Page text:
Using a convenient sample and a cross sectional study design poses some limitations. Importantly, a cross sectional study design can only describe temporal relationships between factors observed and the outcome irrespective of the strength of the associations observed, and therefore only provides plausible hypotheses that can be explored using other study designs [32]. Variables such as sharing of results may change over time as participants receive appropriate post-test counselling. This could not be captured by a cross sectional study design. Using a consecutive sample in a hospital setting means our study is prone to selection bias and might not be representative of the population of HIV positive patients in Cameroon. This warrants further multicenter studies which also include individuals diagnosed in non-hospital settings such as community outreach. Using routine data captured in the files of patients led to some missing data on alcohol consumption. The quality of data collected on variables such as alcohol consumption would have been much better if face to face interviews were conducted. Due to this limitation in the quality of data collected on alcohol consumption, the association with delayed entry into HIV care should be interpreted with caution. However, in our setting where diagnosis of HIV is still associated with a substantial level of stigma, face to face interviews would have markedly resulted in a low response rate and small sample size for the study. In terms of the representativeness of our sample, since we included all HIV patients diagnosed within the period of study in the two main centres responsible for HIV care in the South West region of Cameroon, our sample could be representative of patients diagnosed within health care settings in this region of the country. With regards to data collection, despite the missing data on alcohol consumption, we encountered very little challenges on the quality of data collected on other variables because we ensured that the nurses that were in-charge of filling in and coding patient files were all trained on quality of data recording. Furthermore, it is necessary to also note that this study is the first of its kind in the subject of delayed entry in Cameroon and in an era of greater emphasis on testing, treating, tracking and follow up of HIV patients, its relevance cannot be overemphasized. Our findings provide some key information that would guide interventions to address delayed entry into HIV care after diagnosis by suggesting the group of newly diagnosed HIV patients to be suitably targeted in our setting; with the goal of reducing cascade losses at a key point in the HIV care continuum. Consequently, a larger multicenter cohort study is urgently needed to fine tune our observations made so far by establishing with a higher degree of certainty the predictors of delayed entry in our setting.


In the South West region of Cameroon, approximately 1 out of 4 patients delay to enter HIV care. This high proportion of patients who delay to enter care correlates to the findings recorded by other studies in sub Saharan Africa. Interventions tackling delay entry into HIV care might need to be favorably directed towards patients that have high CD4 counts and are at very early WHO clinical stages.


CDC, centres for disease control and prevention; HIV, human immunodeficiency virus; PEPFAR, president’s emergency plan for AIDS relief; WHO, World Health Organization.



The authors would like to thank the South West Regional Delegation for Public Health for the authorizing the sites to participate. We also thank the nurses at these clinical sites for assisting in data collection.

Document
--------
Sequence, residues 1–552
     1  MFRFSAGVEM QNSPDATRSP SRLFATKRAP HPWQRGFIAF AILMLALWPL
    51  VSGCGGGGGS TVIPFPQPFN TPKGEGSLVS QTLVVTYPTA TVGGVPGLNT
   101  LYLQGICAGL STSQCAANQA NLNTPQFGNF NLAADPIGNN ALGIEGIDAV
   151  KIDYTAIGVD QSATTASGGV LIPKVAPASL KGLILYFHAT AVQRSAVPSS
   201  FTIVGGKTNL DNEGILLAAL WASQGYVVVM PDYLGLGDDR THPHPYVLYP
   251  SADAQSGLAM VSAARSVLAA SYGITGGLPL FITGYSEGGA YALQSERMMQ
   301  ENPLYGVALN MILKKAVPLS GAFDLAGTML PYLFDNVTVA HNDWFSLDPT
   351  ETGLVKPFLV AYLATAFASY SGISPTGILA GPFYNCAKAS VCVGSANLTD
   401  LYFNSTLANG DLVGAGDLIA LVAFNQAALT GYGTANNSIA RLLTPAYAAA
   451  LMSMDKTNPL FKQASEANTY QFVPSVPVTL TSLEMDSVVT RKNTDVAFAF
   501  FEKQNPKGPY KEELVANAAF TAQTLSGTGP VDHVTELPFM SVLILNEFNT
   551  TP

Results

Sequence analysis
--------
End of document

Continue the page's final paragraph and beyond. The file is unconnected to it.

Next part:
Availability of data and materials

The raw data supporting our findings have been stored in the various hospital ethical committee records and the secured database of the South West Regional Delegation for Public Health, Cameroon. We do not intend to share the raw data because even though the individual patient names and identify were coded, sensitive information about the centres were captured in the database which we regrettably find unacceptable to share with a third party for administrative and political reasons.

Authors’ contribution

Conceived and designed the study: NFT, GA, LNA, IMA, JN and PN. Data collection: NFT and GA. Data analysis: LNA, NFT and GA. Wrote of manuscript: NFT. Reviewed manuscript: NFT, GA, LNA, IMA, PN. All authors read and approved the final version of the manuscript before submission.

Competing interest

None declared.

Consent to publish

Not applicable.

Ethics approval and consent to participate

Ethical and administrative approvals were obtained from the South West Regional Delegation of the Ministry of Public Health (MoPH) and authorities of Regional Hospitals. Authorization was obtained to access the files of patients that had been newly diagnosed of HIV. Consent was obtained from each patient by the nurses before initial enrolment into care. After obtaining authorization, the patient files were de-identified and study codes assigned for each patient by the nurses. No identifying information such as name, address, telephone number, date of birth or actual medical record number was recorded.

Open AccessThis article is distributed under the terms of the Creative Commons Attribution 4.0 International License (, which permits unrestricted use, distribution, and reproduction in any medium, provided you give appropriate credit to the original author(s) and the source, provide a link to the Creative Commons license, and indicate if changes were made. The Creative Commons Public Domain Dedication waiver ( applies to the data made available in this article, unless otherwise stated.

Authors’ Affiliations

Global Health Systems Solutions, Limbe, Cameroon
Faculty of Health Sciences, University of Buea, Buea, Cameroon
Sub divisional Hospital Nguti, Nguti, South West Region, Cameroon
Clinical Research Education, Networking and Consultancy, Douala, Cameroon
Virology Laboratory, University of Dschang, Dschang, Cameroon


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© The Author(s). 2016